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More and more CEOs paid to stay at home
Parsons, Eisner, Iger join Moonves, Freston among media execs paid to stay in their own 2nd homes.
May 6, 2005: 4:06 PM EDT

NEW YORK (CNN) - For Time Warner CEO Dick Parsons and Disney's outgoing chief Michael Eisner, keeping second homes in Los Angeles and New York for business pays quite well.

According to company filings, Parsons, who received $9.5 million in salary and bonus last year, has also been getting $4,000 a month plus maintenance and utility costs for the Los Angeles apartment he has rented since 2002.

Parsons, according to the company's most recent proxy filing, gets the stipend in lieu of reimbursing him for his hotel business expenses when he is in Los Angeles. To date, Parsons has received close to $175,000 for the Los Angeles apartment, which Time Warner (Research) says he uses from time to time.

"It is a valid business expense to pay the rent for Mr. Parsons' Los Angeles apartment. There are benefits in terms of convenience, security, and keeping business transactions confidential," Time Warner said in a statement. Time Warner is the parent company of CNN and CNN/Money.

Parsons is not the only executive who gets a second-home allowance. Several other top media executives -- including Eisner and Bob Iger at Disney (Research), and Viacom (Research)'s Tom Freston and Leslie Moonves -- have received healthy reimbursements for business travel -- even when they stay in homes they already own or rent.

U.S. corporations have picked up the tab for corporate travel and lodging for their top executives for decades, and there is nothing illegal about it. But tougher scrutiny by regulators, disgruntled investors and corporate watchdogs in recent years has prompted companies to be more transparent about how they compensate their executives. This is the first year that Time Warner and Disney have disclosed such reimbursements.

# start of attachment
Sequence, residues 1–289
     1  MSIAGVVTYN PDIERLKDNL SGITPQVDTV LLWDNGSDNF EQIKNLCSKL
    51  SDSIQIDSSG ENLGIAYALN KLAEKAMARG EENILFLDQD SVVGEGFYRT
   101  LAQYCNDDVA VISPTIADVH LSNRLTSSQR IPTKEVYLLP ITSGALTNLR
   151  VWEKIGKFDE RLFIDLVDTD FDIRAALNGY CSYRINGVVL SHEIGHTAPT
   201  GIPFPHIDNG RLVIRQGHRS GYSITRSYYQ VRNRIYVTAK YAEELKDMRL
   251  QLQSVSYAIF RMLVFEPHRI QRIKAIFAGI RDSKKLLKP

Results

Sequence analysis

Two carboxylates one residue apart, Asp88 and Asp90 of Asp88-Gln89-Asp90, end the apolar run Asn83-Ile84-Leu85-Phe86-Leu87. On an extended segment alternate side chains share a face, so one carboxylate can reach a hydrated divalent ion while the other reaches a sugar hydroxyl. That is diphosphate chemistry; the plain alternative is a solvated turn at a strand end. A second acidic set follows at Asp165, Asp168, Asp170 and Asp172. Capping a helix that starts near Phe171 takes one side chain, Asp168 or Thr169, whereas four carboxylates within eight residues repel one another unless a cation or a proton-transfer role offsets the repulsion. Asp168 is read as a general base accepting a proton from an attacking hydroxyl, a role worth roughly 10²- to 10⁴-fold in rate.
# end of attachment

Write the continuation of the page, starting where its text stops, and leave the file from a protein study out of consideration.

Iger, Disney's president, and Eisner, its outgoing CEO, are both reimbursed for apartments they have owned or rented when they travel from the company's headquarters in Burbank, Calif., to New York City, according to Disney's proxy filing. Eisner, who was paid $8.25 million in salary and bonus in fiscal 2004, receives $10,000 a month for a New York City apartment. Disney says the $10,000 does not cover the full cost of the apartment.

Eisner also received nearly $735,000 in 2004 for security advice and personal protection services, according to the proxy.

The Wall Street Journal reported Friday that the apartment is in New York City's Pierre Hotel, located on Fifth Avenue in Midtown Manhattan, and that it once belonged to Eisner's mother. Disney declined to comment.

Iger, recently named to be Eisner's replacement as CEO of Disney, was also paid a total of $267,000 during fiscal year 2002 in relocation expenses in connection with his maintenance of an apartment in New York between 2000 and 2002.

At the time, he was in charge of Disney's ABC Television network, which is based in New York City.

Iger was paid more than $8.5 million in 2004, according to Disney.

Regarding why Disney decided to begin disclosing the amount it pays its executives for travel reimbursement, spokeswoman Zenia Mucha issued the following statement: "This disclosure occurred in the interest of following suggested guidelines for best practices."

Viacom's proxy statement to the Securities and Exchange Commission discloses that Co-CEO Moonves, who is based in Los Angeles but owns a home in New York, received an additional $105,000 in 2004 as reimbursement for staying in that home rather than a hotel when in New York on business.

Freston, Viacom's other co-CEO, who is based in New York but owns a home in Los Angeles, got $43,100 for staying in that L.A. home while in that city on business.

Both Freston and Moonves were paid about $20 million in salary and bonuses in 2004, according to company filings. Since their recent promotion, the execs at New York-based Viacom have both declined the perk.

"While those allowances were reasonable and customary given they spend a third of their time traveling and it saved the company money in terms of hotels costs, in the context of their new employee agreements they have decided to give up this legacy benefit even though they had it in their contracts," Viacom spokesman Carl Folta said.

(For more on the Viacom story, click here).

The extra pay was recently criticized by Paul Hodgson, senior research associate at the Corporate Library, a corporate governance group that monitors executive pay. He said he's never seen that kind of supplemental pay listed on a proxy before.

"The very idea that someone earning $20 million should need reimbursement for any cost performing their duties as COO is curious enough," Hodgson told CNN/Money. "That they should be reimbursed (for) living in their own house takes it to a different level of absurdity."

From: CNN's Biz-news Senior Editor, Caleb Silver  Top of page


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